High Frequency of EGFR Mutations Found in Asian Population
Contact: Kristin Richeimer
IASLC Director of Membership
DENVER – Adenocarcinoma histology, female sex, never-smoking status, and Asian ethnicity have been considered the most important factors associated with EGFR mutations in non-small cell lung cancer and response to EGFR inhibitors. A recent study has found that, within the Asian population, the frequency of EGFR mutations associated with other demographic and clinical characteristics is higher than previously reported, even in patients with a history of smoking, suggesting that mutation testing should be done on a broader basis among Asian patients with advanced adenocarcinoma of the lung.
The PIONEER study is the first prospective, multinational epidemiologic study to document the frequency of EGFR mutations in lung adenocarcinoma in the Asian population. The PIONEER authors found that EGFR mutations were present in 51.4% of stage IIIB or IV adenocarcinomas of the lung among 1,450 patients from seven regions of Asia. Previous reports have suggested a frequency of approximately 30% among the Asian population (compared with 20% among the white population). The findings of the PIONEER study are published in the February issue of the International Association for the Study of Lung Cancer’s journal, the Journal of Thoracic Oncology (JTO).
The frequency of EGFR mutations was high among women (61.1%) and never-smokers (60.7%), but EGFR mutations were also common among men (44%), occasional smokers (51.6%), and previous smokers (43.2%). With regard to Asian regions, the frequency was highest in Vietnam (64.2%) and lowest in India (22.2%).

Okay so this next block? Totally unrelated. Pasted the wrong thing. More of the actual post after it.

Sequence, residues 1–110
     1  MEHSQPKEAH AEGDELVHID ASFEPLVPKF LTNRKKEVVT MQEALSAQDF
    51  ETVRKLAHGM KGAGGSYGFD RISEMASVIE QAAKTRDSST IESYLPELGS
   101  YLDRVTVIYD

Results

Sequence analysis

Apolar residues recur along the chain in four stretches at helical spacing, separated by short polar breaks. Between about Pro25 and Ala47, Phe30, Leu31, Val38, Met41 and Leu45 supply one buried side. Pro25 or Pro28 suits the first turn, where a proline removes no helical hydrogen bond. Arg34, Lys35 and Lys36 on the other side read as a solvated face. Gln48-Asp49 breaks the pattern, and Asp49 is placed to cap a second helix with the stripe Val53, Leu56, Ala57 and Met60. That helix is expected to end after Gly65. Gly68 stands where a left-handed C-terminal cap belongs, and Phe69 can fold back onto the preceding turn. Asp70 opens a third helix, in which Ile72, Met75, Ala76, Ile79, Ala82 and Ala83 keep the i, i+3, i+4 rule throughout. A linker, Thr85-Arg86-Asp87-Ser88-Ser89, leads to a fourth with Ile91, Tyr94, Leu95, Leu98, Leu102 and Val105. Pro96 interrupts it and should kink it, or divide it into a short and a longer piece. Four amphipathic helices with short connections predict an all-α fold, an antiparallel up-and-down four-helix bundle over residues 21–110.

“The frequency of EGFR mutations in demographic and clinical subgroups of Asian patients in PIONEER suggests that EGFR mutation testing should be considered for all patients with stage IIIB or IV adenocarcinoma of the lung in Asian populations,” says first author Yuankai Shi, MD, of the Department of Medical Oncology, Cancer Institute/Hospital, Beijing, China. More widespread mutation testing would help to ensure the optimal identification and treatment of patients with lung adenocarcinomas that harbor EGFR mutations.
Coauthors of the study include IASLC members Sumitra Thongprasert, MD, of the Department of Internal Medicine, Maharaj Nakorn Chiang Mai Hospital, Chiang Mai, Thailand; Chun-Ming Tsai, MD, of the Chest Department, Taipei Veteran’s General Hospital, Taipei, Taiwan; Gerardo Cornelio, MD, of the St. Peregrine Oncology Unit, San Juan De Dios Hospital, Pasay City, Philippines; and Pan-Chyr Yang, MD, of the Department of Internal Medicine, National Taiwan University College of Medicine, Taipei, Taiwan who led the study.
About the IASLC:
The International Association for the Study of Lung Cancer (IASLC) is the only global organization dedicated to the study of lung cancer. Founded in 1974, the association’s membership includes more than 3,800 lung cancer specialists in 80 countries. To learn more about IASLC please visit www.iaslc.org.